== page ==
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On the Investigation of the Sea-Level Variability in Coastal Zones Using SWOT Satellite Mission: Example of the Eastern English Channel (Western France)

Abstract : The future mission of surface water and ocean topography (SWOT), launched in 2020 over a period of 3-5 years, will be designated to address the issue of combining surface water hydrology with physical oceanography aiming to present new perspectives of applications for coastal areas. The extent to which the synthetic SWOT measurements can reproduce the temporal variability of the sea level was investigated. The eastern English Channel (NW France) was considered as a case of application. The hourly sea-level records were filtered from the aliased harmonic tides by classic harmonic analyses to obtain the nontidal residual. This residual was used to simulate synthetically the satellite samples based on the number of overpasses per repeat cycle at each geographical station. Both real and synthetic SWOT measurements were compared by the use of different approaches of inference statistics and wavelets. The statistical behavior, deduced from the functions of probability density (pdf) and cumulative distribution (cdf), shows correlations between 65% and 75% for hourly measurements, which increase to 85% for monthly average ones. The frequency of positive and negative extreme values is under-estimated with an order less than 25%. The potential use of SWOT depends on the number of measurements and the sampling interval between SWOT overpasses per repeat orbit. In the time- frequency domain, the wavelet multiresolution analysis of the nontidal sea level displays four components: 1) 1 year; 2) ~4-7 month; 3) ~2-3 month; and 4) <;2 month bands. Such modes seem to be well manifested by SWOT samples with a mean explained variance more than 75%. The aliasing frequency of the altimeter generates a dispersion and an overexpression of the energy spectrum, which increases with the number of overpasses per repeat orbit and the high frequency (~2-3 and <;2 month bands). The reconstructed wavelet components evidence the capacity of SWOT to estimate the annual and the seasonal variability of the nontidal sea level. In particular, SWOT is able to reproduce the most of extreme storm surges in the English Channel. The main finding of this research clearly shows the utility of SWOT satellite altimetry in observing and understanding the sea-level variability and storm surges, complementing tide-gauge observations for the validation and improvement of coastal models.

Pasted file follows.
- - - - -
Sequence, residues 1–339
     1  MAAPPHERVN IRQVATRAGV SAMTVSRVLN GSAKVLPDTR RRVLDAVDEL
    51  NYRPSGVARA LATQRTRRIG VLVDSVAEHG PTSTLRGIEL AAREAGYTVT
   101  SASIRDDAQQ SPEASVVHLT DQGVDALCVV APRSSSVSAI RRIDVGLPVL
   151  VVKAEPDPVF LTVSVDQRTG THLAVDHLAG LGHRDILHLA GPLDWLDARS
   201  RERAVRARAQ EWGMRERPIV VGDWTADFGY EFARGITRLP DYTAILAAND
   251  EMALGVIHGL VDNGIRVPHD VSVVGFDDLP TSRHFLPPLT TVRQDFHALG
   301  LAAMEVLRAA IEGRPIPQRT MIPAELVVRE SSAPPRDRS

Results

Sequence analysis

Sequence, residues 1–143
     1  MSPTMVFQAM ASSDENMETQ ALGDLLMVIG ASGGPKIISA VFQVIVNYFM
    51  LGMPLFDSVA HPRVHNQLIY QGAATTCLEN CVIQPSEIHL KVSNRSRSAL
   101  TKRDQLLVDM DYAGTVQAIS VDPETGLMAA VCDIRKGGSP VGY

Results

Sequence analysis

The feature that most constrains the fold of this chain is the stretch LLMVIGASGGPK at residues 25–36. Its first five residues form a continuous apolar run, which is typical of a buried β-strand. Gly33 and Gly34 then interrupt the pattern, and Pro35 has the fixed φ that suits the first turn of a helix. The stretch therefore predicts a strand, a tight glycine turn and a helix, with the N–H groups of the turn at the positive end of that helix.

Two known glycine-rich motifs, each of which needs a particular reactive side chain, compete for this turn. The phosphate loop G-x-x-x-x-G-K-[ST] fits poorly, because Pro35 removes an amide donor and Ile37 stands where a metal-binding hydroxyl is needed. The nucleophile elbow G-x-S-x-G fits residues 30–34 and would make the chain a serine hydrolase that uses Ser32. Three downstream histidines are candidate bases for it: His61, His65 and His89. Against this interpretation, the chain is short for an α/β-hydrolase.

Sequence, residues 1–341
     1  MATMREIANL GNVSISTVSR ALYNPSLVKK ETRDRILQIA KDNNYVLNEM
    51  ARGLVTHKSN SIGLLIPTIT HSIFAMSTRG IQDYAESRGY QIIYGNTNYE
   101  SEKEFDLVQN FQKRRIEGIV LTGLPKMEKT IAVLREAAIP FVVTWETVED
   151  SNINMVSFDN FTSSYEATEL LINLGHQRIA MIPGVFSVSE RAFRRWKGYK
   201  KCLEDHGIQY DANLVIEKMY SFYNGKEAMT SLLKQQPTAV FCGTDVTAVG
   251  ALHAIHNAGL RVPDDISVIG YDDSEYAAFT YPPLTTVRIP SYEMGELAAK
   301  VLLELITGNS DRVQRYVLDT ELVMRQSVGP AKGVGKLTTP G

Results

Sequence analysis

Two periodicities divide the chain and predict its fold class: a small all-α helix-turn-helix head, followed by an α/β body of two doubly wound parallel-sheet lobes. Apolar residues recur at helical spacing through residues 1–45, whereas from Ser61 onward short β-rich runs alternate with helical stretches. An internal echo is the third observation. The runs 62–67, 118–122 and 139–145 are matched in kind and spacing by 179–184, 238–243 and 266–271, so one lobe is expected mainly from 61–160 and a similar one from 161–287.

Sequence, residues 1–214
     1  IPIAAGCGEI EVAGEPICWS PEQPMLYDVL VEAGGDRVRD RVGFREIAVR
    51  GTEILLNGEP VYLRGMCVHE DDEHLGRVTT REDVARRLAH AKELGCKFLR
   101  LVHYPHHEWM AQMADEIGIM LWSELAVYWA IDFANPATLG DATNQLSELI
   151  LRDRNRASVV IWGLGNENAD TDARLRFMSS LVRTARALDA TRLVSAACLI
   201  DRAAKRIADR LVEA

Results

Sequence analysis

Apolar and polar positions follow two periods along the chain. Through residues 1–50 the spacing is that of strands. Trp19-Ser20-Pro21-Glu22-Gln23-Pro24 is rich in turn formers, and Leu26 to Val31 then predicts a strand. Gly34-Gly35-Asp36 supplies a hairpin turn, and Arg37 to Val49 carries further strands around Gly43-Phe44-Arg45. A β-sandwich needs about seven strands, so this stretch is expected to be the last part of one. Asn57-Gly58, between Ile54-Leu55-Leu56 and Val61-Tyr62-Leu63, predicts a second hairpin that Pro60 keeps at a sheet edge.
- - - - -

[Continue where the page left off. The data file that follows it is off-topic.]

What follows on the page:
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Imen Turki, Benoît Laignel, Laetitia Chevalier, Stéphane Costa, Nicolas Massei. On the Investigation of the Sea-Level Variability in Coastal Zones Using SWOT Satellite Mission: Example of the Eastern English Channel (Western France). IEEE Journal of Selected Topics in Applied Earth Observations and Remote Sensing, IEEE, 2015, 8 (4), pp.1564-1569. ⟨10.1109/JSTARS.2015.2419693⟩. ⟨hal-02070420⟩



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